Sophie Vallance Cantor Drenched in Neon

by Rubén Palma
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Sophie Vallance Cantor (United Kingdom, 1993),creates worlds that express the inner workings of her mind by blurring the line between reality and imagination. Her paintings invite viewers to see the world through her eyes: where bright neon signs light up dark alleyways and domestic cats transform into wild beasts in 24-hour bars and cafés. Each painting reads like a still from a film; characters look at the viewer with a sense of cool detachment as they ride motorcycles down infinite highways, smoke cigarettes and drink extravagant cocktails.

Amidst the narrative of her paintings there often lies a sense of stillness. Each small moment is immortalised and savoured through thick, luscious strokes of oil paint that exude a palpable sense of joy and pleasure in the creation process. Vallance Cantor’s figures are depicted with strong, bold shapes and her use of vivid colours invites the viewer to relish in the pleasures of her practice. There is a certain sense of playfulness and mischievous delight that permeates all of Vallance Cantor’s work.

In a broader context, Vallance’s art serves as a counterbalance to her experiences as a neurodivergent individual, with her self-portraits constantly evolving and conversing with each other on the canvas. Although viewers are welcomed into her world, they are still kept at arm’s length, like outsiders looking in on a private moment.

Text courtesy of GUTS Gallery / Profile pictures courtesy of Brynley Odu Davies.

Hi Sophie! Thank you for sitting down with me! First question that I always ask. How does a regular day look like for you in London?

Hi Rubén, Thanks for having me! A regular day of mine is begging for structure that I just can’t seem to provide it. There’s usually some painting, or thinking about painting, some reading, some eating, stroking cats, avoiding emails and phone calls, anxious stressing you know, the usual.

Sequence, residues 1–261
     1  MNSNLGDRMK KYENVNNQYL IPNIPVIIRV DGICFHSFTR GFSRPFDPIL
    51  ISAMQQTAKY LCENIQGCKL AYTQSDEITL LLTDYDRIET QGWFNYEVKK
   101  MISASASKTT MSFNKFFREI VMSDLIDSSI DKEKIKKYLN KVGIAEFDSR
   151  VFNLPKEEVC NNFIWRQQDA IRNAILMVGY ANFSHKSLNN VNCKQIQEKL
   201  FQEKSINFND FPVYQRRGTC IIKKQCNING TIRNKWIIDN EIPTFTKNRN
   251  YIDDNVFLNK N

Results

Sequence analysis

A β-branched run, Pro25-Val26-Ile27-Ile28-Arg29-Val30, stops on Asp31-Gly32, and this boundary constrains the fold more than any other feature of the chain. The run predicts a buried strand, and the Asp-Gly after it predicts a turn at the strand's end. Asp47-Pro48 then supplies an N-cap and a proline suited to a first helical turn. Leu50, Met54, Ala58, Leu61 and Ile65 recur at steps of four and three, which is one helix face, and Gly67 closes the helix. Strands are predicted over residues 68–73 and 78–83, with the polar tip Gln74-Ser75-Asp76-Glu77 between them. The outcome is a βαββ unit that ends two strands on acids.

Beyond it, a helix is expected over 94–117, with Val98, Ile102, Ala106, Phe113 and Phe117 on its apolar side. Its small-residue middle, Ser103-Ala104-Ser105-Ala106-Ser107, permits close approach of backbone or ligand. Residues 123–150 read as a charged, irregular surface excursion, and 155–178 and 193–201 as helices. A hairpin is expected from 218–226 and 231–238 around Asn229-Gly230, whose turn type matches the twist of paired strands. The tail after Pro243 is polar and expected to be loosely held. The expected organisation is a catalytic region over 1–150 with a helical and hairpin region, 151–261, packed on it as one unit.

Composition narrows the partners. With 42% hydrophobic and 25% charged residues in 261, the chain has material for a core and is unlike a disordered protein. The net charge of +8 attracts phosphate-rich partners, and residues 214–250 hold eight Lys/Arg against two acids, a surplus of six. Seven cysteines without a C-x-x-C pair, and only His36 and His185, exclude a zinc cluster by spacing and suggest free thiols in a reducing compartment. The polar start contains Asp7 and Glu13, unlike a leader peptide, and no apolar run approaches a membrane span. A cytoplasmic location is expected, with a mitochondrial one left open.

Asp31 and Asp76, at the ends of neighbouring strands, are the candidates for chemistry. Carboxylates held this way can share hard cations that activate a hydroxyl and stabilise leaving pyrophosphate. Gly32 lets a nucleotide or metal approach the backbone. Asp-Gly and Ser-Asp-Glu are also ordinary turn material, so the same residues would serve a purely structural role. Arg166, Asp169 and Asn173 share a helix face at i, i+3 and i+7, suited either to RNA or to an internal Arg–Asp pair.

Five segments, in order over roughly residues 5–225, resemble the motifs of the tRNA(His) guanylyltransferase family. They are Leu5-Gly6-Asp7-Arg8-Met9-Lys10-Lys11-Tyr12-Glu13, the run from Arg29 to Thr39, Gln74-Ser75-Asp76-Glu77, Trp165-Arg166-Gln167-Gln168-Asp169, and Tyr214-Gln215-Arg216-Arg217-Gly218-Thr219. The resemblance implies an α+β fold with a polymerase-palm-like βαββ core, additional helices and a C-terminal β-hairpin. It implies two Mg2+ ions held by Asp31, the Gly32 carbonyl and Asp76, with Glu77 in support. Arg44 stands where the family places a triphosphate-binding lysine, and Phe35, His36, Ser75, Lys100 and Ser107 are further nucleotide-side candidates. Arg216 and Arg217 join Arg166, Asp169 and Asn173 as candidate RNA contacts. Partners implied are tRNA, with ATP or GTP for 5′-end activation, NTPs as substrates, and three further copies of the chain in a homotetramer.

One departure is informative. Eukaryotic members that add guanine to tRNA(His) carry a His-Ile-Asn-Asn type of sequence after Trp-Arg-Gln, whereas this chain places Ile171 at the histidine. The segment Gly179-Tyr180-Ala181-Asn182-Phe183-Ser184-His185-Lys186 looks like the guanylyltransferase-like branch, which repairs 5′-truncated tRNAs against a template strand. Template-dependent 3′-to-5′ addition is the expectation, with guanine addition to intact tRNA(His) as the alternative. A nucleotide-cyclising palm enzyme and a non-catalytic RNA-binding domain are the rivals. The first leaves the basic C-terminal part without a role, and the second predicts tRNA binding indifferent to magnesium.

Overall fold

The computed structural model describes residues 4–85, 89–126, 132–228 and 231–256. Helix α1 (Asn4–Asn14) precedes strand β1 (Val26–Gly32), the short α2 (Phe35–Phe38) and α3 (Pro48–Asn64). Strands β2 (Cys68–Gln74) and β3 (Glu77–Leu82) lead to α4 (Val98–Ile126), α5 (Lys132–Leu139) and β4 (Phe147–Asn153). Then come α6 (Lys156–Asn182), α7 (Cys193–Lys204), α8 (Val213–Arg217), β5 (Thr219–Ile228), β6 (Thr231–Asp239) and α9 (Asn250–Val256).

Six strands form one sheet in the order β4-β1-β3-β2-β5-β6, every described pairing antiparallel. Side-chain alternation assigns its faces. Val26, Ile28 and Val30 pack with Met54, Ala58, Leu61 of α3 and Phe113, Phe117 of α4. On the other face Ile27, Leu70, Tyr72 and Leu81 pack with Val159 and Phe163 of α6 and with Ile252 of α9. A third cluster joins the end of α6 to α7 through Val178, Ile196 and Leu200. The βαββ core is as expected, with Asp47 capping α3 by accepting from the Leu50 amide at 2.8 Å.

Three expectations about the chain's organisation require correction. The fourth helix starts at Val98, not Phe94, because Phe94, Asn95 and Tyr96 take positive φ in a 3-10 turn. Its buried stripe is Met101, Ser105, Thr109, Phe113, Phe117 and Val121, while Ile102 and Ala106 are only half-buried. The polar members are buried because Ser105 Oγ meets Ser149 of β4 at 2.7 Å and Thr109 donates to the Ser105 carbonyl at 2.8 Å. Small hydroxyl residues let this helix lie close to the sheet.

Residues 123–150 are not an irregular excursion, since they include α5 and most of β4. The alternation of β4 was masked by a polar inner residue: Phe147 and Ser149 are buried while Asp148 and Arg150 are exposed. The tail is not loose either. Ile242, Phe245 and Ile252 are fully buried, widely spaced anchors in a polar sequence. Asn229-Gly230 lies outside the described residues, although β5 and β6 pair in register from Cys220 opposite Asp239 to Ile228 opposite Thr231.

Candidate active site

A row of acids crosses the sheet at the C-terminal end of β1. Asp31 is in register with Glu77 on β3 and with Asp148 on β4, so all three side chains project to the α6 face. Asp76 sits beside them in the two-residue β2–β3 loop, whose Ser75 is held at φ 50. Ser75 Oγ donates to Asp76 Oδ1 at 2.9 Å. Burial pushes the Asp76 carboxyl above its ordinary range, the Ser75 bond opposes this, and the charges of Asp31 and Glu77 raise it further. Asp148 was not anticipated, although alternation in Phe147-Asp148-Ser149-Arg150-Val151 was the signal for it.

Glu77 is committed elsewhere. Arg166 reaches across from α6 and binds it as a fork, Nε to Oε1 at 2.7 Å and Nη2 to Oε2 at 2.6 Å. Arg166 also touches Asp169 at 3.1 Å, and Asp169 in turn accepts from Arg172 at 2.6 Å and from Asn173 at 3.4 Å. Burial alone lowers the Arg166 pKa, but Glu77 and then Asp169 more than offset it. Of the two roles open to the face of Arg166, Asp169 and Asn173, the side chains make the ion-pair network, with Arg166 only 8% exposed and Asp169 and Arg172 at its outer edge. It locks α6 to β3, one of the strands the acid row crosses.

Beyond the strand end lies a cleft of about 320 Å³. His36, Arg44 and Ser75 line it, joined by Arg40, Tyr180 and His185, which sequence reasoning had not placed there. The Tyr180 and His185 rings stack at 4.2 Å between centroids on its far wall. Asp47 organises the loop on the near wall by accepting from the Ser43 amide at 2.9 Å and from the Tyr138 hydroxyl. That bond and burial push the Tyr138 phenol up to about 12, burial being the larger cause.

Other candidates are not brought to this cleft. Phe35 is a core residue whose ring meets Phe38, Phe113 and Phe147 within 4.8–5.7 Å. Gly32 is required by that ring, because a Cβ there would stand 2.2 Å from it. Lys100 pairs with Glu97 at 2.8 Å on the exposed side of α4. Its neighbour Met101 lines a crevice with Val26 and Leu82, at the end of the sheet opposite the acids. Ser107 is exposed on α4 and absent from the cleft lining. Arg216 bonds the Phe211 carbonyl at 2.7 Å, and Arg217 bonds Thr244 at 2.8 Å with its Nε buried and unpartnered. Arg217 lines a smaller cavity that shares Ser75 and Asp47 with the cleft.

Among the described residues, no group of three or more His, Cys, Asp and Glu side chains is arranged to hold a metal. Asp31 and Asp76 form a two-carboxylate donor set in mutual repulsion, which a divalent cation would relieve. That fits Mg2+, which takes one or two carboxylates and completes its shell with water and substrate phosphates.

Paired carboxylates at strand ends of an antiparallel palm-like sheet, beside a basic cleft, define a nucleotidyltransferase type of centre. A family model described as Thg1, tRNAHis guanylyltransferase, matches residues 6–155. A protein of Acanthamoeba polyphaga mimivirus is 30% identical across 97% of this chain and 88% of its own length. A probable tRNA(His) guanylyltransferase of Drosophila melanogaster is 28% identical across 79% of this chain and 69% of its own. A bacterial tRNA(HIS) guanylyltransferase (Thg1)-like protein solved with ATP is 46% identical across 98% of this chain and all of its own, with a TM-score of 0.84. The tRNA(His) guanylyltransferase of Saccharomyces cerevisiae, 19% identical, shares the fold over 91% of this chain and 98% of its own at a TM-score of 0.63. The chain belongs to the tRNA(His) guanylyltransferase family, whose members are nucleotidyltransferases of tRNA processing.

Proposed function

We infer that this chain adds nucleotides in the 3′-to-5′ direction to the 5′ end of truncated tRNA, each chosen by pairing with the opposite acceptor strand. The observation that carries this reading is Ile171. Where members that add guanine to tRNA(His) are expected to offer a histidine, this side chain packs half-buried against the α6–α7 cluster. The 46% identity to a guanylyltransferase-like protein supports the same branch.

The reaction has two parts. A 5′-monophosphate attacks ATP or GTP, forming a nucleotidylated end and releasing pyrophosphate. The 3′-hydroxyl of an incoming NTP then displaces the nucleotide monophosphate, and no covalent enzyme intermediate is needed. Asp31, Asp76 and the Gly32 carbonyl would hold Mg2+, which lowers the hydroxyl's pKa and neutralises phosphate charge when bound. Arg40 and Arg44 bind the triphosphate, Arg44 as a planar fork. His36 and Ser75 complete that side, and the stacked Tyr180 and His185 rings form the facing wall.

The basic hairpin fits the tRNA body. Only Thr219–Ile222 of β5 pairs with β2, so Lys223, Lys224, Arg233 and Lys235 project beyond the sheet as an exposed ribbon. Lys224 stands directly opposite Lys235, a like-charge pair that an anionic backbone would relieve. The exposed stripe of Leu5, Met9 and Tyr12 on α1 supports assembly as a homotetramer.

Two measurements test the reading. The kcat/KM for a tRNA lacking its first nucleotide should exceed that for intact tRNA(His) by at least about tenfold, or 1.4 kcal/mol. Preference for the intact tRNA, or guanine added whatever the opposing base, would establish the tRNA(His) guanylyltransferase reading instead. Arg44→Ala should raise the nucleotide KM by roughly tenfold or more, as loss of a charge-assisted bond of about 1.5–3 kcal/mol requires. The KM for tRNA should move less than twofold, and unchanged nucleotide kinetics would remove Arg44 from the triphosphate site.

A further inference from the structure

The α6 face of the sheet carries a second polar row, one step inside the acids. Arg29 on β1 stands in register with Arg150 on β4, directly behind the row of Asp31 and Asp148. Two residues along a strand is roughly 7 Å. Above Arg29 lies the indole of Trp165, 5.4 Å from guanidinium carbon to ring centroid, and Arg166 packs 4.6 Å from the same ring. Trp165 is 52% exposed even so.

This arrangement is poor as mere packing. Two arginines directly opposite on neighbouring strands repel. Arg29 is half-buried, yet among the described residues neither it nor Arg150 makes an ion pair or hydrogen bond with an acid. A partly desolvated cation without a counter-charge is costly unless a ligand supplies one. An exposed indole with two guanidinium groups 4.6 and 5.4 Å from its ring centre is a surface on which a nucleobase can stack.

I’m curious. Growing up, what kind of kid were you? What did you enjoy doing, and how did you spend your time?

When I was a kid, I loved using my imagination to play and to draw. I was really shy around people who didn’t know me, but weird and fun around the ones who did. I especially loved drawing my pet cats (ha) and making up games set in other times or places. Makes sense, now that I write it down! 

So when did you start painting? And when did you start taking becoming an artist serious?

I was taught how to draw and paint in a more formal way when studying A levels (aged 16-18) and I did go to University to study painting (even though I didn’t graduate) but everything was still young, fuzzy and open-ended until I found myself in Berlin in 2016. It’s a long story how Berlin came to be – I married my partner Douglas Cantor, but we didn’t earn enough money for him to qualify for the British marriage visa and stay in the UK, so we moved to Berlin to stay together. For the first time in my artist existence I was removed from all of the opinions, trends and noise of being in education, and for the first time in my human existence I was removed from the somewhat structured path I had been on. I owe so much of the mindset shift to Douglas (also a painter) who made me realize if we want people to take us seriously, we have to take ourselves seriously. 

Alright, let’s talk about your work now. What’s your inspiration behind the various scenes in your work? And what are you hoping to convey?

Ultimately I think that I’m searching for myself in my work, and for answers to (most probably unanswerable) questions about belonging, fear, love and being alive. I think visually my paintings are very atmosphere driven and what I’m hoping to convey for myself is a sensation of what it would feel like to be within the setting of the painting, whatever work it is. Since I was a kid I was fascinated with films and television shows set in busy cities particularly in America. Watching them felt like seeing what I thought was a ‘real life’ that I wasn’t part of, but desperately wanted to be. Now, as an adult I understand that feeling of otherness to stem from being on the spectrum, and that’s probably why it has never left me. A part of me still yearns to occupy the world from those 1990s American scenes, (drenched in Neon of course), so I began to paint them for the painted me to occupy instead.